Washington, DC - An innovative coal-drying technology that will extract more energy from high moisture coal at less cost and simultaneously reduce potentially harmful emissions is ready for commercial use after successful testing at a Minnesota electric utility. The DryFining(TM) technology was developed with funding from the first round of the U.S. Department of Energy's Clean Coal Power Initiative (CCPI).
Great River Energy of Maple Grove, Minn., has selected the WorleyParsons Group to exclusively distribute licenses for the technology, which essentially uses waste heat from a power plant to reduce moisture content in lignite coal. Great American Energy, a 50-50 joint venture of Great River Energy and the North American Coal Corporation, will also market the technology, whose first user will be the utility's Spiritwood Station under construction near Jamestown, N.D.
In addition to using power plant waste heat to reduce moisture, DryFining also segregates particles by density. This means a significant amount of higher density compounds containing sulfur and mercury can be sorted out and returned to the mine rather than oxidized in the boiler. The end result is more energy can be extracted from the coal while simultaneously reducing emissions of mercury, sulfur dioxide, and nitrogen oxides, major potential pollutants that result from coal-based combustion.
As part its CCPI-funded project, Great River Energy tested a 115-ton prototype dryer in the company's 546-megawatt Coal Creek Station Unit 2 in Underwood N.D. Following a successful increase in boiler efficiency and reduction of emissions, Great River Energy expanded the project by building full-scale dryer modules for the entire Coal Creek Station. The Office of Fossil Energy's National Energy Technology Laboratory manages the CCPI program.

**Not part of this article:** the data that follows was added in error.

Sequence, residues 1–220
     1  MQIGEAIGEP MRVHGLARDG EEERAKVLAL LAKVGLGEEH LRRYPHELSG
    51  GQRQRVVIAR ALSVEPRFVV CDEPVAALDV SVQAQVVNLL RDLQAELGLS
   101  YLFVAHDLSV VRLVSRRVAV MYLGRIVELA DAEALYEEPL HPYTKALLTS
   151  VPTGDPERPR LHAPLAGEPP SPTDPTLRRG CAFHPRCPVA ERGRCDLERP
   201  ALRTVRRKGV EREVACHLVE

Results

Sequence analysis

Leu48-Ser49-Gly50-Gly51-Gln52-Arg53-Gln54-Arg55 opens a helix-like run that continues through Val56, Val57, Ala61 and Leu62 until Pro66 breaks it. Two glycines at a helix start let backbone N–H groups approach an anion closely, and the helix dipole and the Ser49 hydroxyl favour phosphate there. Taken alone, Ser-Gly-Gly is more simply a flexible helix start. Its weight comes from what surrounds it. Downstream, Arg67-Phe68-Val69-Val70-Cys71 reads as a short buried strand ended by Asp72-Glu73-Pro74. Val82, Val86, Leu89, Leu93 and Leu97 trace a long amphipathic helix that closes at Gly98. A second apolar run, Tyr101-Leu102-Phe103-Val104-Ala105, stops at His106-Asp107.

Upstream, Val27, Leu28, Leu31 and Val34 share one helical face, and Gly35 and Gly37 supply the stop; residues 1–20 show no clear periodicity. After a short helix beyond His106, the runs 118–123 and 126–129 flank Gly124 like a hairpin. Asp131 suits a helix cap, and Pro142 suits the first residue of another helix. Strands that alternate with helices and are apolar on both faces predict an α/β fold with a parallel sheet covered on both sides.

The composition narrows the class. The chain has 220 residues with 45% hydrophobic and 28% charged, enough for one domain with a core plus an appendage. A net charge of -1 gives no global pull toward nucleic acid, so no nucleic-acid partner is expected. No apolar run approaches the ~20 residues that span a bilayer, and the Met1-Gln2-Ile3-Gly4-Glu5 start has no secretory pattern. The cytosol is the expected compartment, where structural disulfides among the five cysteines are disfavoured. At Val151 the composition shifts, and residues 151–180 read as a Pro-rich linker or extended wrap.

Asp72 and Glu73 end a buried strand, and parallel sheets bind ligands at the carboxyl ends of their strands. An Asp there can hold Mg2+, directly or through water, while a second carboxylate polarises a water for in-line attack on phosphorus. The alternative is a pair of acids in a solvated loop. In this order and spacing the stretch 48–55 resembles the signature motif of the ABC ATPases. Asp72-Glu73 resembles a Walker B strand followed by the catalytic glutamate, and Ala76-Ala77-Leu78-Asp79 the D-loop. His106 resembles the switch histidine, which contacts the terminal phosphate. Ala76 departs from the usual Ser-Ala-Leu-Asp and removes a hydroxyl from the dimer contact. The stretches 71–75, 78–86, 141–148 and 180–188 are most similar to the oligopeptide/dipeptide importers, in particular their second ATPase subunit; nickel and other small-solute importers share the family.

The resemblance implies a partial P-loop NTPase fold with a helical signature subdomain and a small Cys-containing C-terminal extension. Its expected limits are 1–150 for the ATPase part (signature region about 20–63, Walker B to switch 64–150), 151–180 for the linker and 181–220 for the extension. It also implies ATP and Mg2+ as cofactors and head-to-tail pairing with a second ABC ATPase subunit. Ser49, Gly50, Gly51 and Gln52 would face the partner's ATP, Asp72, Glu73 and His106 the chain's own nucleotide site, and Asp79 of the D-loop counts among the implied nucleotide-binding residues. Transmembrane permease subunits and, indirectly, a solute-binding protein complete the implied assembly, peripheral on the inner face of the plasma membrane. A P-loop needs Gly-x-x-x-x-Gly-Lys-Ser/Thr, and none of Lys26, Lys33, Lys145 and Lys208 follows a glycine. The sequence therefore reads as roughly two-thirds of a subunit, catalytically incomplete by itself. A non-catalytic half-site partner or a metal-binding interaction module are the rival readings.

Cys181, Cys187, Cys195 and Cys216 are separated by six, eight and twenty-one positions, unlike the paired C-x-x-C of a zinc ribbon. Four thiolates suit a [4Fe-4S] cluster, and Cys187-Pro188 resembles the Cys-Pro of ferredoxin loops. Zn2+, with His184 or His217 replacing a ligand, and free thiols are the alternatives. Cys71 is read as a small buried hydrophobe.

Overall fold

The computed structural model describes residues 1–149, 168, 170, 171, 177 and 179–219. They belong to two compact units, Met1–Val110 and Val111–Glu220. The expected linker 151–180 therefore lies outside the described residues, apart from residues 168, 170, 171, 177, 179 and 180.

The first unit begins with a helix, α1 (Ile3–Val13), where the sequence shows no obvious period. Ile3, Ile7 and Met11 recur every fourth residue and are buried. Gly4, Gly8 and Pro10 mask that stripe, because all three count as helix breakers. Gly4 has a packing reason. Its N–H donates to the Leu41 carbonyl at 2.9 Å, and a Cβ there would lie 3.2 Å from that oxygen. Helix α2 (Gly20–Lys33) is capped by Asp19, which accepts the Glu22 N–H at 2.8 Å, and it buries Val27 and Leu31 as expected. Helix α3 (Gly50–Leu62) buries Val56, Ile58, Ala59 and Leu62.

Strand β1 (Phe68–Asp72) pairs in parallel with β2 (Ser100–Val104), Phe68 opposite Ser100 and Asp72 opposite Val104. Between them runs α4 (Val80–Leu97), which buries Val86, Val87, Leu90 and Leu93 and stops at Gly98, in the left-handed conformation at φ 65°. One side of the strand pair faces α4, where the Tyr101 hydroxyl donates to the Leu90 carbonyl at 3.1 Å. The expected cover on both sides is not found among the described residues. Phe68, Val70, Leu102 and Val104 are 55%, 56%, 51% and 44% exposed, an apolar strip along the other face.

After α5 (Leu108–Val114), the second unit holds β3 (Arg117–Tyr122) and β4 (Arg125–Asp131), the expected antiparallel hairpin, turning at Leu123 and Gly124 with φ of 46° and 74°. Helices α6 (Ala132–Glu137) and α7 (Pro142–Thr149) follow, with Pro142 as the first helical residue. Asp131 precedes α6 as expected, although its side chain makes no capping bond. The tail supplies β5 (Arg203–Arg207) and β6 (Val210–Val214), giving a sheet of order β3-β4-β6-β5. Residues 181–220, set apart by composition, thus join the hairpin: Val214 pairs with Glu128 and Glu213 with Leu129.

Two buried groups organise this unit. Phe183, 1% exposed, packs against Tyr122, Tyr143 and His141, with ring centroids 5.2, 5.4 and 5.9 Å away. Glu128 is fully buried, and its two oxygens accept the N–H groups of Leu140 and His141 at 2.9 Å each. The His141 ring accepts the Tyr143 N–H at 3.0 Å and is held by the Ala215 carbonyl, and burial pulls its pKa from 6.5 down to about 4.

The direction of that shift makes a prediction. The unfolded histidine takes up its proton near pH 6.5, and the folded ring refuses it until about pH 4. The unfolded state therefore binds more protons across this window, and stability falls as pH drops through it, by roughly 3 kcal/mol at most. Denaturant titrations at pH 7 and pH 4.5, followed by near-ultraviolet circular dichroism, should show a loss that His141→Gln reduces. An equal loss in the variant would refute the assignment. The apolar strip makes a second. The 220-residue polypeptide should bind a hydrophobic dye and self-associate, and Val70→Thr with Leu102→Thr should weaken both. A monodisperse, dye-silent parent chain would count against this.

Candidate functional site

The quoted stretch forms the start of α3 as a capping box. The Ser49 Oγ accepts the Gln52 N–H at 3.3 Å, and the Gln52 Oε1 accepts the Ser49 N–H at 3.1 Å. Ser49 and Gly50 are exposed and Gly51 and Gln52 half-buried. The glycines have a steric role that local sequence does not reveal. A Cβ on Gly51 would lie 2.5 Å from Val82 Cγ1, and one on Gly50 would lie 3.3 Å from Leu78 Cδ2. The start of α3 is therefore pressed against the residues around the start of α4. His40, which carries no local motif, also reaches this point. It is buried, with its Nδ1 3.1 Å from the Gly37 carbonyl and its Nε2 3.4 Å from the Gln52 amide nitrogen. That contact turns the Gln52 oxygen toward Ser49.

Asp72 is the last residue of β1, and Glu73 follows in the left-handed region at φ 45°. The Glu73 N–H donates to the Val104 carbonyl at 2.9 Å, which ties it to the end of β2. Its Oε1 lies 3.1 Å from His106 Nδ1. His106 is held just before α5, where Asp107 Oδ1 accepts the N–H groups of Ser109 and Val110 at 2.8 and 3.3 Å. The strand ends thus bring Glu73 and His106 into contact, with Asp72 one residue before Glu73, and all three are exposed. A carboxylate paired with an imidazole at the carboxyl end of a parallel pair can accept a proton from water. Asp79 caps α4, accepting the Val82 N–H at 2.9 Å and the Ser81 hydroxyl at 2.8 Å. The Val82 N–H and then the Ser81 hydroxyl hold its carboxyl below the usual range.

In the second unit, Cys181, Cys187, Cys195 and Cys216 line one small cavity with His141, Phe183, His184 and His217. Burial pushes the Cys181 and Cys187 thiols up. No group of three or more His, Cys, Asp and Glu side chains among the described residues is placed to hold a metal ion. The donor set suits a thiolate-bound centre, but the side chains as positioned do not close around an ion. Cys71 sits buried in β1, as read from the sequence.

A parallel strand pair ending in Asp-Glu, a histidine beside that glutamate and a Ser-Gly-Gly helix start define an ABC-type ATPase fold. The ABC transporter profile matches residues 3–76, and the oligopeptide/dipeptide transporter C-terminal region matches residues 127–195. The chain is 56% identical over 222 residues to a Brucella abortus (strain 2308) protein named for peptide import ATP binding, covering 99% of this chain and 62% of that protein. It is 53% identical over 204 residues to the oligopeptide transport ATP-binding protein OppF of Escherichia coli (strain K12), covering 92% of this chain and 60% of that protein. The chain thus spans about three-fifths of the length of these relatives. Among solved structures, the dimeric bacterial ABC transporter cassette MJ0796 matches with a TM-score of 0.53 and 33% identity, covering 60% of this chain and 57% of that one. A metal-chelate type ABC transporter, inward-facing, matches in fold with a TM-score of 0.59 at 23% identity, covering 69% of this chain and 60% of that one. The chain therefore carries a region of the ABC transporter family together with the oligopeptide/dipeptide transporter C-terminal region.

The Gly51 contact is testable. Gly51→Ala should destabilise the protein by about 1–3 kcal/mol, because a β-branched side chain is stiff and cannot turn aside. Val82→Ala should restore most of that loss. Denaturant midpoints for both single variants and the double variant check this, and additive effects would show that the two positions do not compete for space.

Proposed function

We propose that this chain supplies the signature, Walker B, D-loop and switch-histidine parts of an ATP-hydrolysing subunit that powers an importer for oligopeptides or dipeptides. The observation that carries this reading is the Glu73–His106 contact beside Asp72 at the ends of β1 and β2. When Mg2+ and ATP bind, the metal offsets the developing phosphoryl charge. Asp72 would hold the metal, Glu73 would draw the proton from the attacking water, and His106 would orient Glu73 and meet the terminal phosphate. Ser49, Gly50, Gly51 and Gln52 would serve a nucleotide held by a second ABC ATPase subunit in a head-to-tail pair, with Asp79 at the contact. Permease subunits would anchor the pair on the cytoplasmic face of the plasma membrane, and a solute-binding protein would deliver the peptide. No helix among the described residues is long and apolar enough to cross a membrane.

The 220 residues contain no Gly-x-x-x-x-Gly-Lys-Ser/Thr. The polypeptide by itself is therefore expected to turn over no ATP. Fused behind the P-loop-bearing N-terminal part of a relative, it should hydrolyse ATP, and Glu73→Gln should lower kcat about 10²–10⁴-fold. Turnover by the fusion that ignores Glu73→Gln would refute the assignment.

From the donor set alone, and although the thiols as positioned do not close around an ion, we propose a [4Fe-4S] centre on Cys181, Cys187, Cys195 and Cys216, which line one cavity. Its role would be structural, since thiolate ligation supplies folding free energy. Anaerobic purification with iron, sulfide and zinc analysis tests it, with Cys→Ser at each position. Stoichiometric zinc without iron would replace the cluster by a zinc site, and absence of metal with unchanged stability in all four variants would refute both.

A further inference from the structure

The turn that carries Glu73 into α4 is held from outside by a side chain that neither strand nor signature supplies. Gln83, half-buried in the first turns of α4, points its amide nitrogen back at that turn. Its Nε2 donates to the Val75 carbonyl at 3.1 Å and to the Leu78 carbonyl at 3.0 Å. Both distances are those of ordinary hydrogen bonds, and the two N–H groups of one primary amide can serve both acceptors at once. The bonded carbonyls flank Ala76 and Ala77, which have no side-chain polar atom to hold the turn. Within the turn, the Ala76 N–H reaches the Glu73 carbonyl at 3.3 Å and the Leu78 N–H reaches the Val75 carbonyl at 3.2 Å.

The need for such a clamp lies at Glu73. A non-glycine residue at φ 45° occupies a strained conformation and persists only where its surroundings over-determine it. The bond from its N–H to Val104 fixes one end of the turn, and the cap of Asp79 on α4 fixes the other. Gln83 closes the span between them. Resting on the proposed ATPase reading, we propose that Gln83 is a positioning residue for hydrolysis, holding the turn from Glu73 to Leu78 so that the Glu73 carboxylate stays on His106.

Lignite is one of four major coal types produced in the United States, accounting for about 7 percent of annual production, and is an important energy source for electricity generation. In general, lignite has a higher moisture and ash content, resulting in a lower power efficiency and higher rate of emissions than coals with less moisture. Great River Energy's innovative technology reduces the cost of drying coal by using the waste heat and segregating particles by density, thereby generating energy with less coal while reducing emissions and emission-control costs.
At the Coal Creek Station, the technology increased the energy content of the lignite from 6,200 to 7,100 Btus per pound, thereby reducing fuel input into the boilers by 14 percent. At the same time, sulfur dioxide and mercury emissions were reduced by more than 40 percent, nitrogen oxide by more than 20 percent, and carbon dioxide by 4 percent.
These results are important to energy consumers because the United States has about 280 power stations burning high-moisture coal, generating more than 100 gigawatts of electricity, which equates to about one-third of the electric power generated by coal in the country.